Aganorsa Leaf Connecticut Churchill (Nicaragua, 92 Points): Aganorsa has been taking its effective growing game to the factory, producing some fantastic cigars like the Connecticut Churchill. It’s priced reasonably for its seven-inch size, burns evenly and brings a creamy richness to the palate. See full tasting note.
Romeo y Julieta Reserva Real Nicaragua Toro (Nicaragua, 92 Points): A.J. Fernandez and Rafael Nodal (who produced 2019’s Cigar of the Year) combined forces to produce the Romeo y Julieta Reserva Real Nicaragua, a stronger follow-up to the Reserva Real. Its even draw and burn are complemented by complex flavors. See full tasting note.
Cohiba Pirámides Extra (Cuba, 92 Points): It’s rare that a best-of list doesn’t include Cohiba. In fact, the Pirámides Extra itself regularly scores in the 90s. The rich, imposing torpedo invites you with a sweet, floral start and then smacks with an abundance of delectable flavors.See full tasting note.
Diplomaticos El Diputado Exclusivo Belux (92 Points): It may only be available in Belgium and Luxembourg (for now), but if you can get your hands on one of these Cuban Regional Editions it’s worth the nearly 18 euros (about $21.50). The robusto is layered with walnut, cedar, coffee and more. See full tasting note.
Romeo y Julieta Club Kings (Cuba, 91 Points): You can only buy these Cuban petit coronas in tins of five. At 5 1/8 inches by 42 ring gauge, the richly hued and oily cigars make for great morning, midday or on-the-go smokes. Plus, you get a swanky carrying case. See full tasting note.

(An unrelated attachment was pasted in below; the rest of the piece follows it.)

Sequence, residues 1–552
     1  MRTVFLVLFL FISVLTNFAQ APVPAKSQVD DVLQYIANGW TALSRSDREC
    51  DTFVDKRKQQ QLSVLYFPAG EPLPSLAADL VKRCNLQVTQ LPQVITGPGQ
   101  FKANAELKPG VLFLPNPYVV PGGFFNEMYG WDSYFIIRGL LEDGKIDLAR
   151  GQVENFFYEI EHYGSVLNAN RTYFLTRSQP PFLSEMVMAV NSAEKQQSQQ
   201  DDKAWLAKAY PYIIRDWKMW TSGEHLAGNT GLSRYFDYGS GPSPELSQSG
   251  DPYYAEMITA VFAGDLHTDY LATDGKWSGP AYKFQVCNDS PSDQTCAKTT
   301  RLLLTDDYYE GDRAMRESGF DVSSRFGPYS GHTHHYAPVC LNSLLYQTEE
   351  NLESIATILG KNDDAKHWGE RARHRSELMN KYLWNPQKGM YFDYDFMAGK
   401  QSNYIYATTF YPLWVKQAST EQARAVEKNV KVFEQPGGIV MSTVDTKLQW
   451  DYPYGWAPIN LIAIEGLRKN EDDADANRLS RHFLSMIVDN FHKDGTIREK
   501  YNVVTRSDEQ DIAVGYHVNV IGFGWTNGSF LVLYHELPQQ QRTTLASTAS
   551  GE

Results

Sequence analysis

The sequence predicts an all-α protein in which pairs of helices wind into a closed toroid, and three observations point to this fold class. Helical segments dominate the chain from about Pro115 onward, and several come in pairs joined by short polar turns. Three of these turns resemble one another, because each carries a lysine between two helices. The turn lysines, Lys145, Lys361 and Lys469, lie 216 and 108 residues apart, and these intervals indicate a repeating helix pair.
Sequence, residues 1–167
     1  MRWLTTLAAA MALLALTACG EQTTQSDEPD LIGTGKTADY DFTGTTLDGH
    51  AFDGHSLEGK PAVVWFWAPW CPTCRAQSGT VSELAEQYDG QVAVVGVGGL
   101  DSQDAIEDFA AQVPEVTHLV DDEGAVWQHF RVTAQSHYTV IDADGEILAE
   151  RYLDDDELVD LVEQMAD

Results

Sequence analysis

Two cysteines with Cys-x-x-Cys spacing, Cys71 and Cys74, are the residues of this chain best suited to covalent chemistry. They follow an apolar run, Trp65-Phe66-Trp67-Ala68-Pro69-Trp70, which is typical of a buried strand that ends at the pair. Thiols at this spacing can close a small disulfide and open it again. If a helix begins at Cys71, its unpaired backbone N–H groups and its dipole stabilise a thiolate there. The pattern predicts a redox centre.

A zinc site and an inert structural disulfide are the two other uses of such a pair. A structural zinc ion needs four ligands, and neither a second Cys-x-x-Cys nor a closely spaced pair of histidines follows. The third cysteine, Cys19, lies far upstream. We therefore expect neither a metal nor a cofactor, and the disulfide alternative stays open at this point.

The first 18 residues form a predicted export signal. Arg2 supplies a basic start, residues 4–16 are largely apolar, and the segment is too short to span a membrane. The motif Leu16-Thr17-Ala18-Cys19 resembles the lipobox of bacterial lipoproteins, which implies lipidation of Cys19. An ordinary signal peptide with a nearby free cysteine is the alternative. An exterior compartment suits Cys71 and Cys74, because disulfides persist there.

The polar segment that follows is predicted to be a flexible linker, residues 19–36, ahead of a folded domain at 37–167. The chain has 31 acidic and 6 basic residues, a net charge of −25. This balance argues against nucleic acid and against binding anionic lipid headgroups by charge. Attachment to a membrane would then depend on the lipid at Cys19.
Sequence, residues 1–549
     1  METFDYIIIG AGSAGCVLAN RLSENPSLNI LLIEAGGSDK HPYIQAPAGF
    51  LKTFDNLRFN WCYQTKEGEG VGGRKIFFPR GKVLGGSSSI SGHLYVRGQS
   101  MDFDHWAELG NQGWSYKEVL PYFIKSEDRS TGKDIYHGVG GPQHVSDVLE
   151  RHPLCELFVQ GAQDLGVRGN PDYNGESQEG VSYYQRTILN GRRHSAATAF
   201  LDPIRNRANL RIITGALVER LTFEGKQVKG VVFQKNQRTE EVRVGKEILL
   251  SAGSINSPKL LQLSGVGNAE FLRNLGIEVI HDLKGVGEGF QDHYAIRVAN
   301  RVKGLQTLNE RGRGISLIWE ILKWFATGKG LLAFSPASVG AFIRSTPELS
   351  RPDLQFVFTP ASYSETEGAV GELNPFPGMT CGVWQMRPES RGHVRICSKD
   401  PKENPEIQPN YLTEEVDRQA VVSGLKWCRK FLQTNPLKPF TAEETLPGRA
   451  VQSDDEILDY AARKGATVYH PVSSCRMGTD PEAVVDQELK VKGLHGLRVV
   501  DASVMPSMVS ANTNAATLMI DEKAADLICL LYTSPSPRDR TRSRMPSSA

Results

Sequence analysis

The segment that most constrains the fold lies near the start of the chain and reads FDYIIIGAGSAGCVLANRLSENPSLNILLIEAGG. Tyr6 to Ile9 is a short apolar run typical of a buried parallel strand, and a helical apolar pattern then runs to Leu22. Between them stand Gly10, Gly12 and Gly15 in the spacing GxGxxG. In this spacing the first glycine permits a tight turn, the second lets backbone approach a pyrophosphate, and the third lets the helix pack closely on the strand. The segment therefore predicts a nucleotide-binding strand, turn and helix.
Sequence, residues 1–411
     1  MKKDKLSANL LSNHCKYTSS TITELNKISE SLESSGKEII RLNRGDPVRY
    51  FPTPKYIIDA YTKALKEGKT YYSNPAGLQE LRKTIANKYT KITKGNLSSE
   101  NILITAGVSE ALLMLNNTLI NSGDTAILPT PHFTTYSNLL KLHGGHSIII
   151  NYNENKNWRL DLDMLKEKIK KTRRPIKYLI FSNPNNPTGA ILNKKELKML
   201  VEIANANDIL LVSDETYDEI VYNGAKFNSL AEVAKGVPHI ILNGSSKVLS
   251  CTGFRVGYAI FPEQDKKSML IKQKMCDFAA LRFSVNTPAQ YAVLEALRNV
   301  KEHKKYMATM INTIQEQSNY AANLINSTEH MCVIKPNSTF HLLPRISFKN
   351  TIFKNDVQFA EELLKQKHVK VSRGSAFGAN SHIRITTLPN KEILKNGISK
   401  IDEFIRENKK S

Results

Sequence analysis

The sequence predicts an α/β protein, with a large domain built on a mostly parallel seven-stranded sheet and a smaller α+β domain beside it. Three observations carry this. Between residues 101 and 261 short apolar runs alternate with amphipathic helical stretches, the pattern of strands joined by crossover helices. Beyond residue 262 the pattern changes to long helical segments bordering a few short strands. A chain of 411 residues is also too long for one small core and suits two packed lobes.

Padrón 1964 Anniversary Series Superior (Nicaragua, 91 Points): Lonsdales may not be as popular as they once were, but long, slim and box-pressed cigars like this prove why they’re still relevant. It’s a medium-strength, all-Nicaraguan cigar, with a lower price point than some of the other 1964 Anniversaries. See full tasting note.
Alec Bradley Prensado Torpedo (Honduras, 91 Points): The Prensado Torpedo, dark and rich in appearance, smokes at medium strength. Rolled at the Raices Cubanas factory in Honduras, the cigar has a mixture of Honduran and Nicaraguan tobaccos. Its counterpart, the Prensado Churchill, came by storm in 2011 by scoring a 96 and earning Cigar of the Year. See full tasting note.
Intemperance EC XVIII Faith (Nicaragua, 91 Points): The Intemperance brand is made by the team at RoMa Craft Tabac, a 1920 bootleg-inspired cigar brand that encourages aficionados to smoke back against anti-cigar bureaucrats. And this tan perfecto exposes some binder with its uncut foot, perhaps flashing a little raw tobacco for those who shun our favorite pastime. See full tasting note.
Cuevas Reserva Natural Toro (Dominican Republic, 91 Points): A trend towards darker, stronger cigars doesn’t mean mild-to-medium smokes can’t still satisfy. Take the Cuevas Reserva Natural Toro for example, a combination of tobaccos from Ecuador, the Dominican Republic, Nicaragua and Pennsylvania. It’s creamy and coffee-like, leaning more on finesse than raw power. See full tasting note.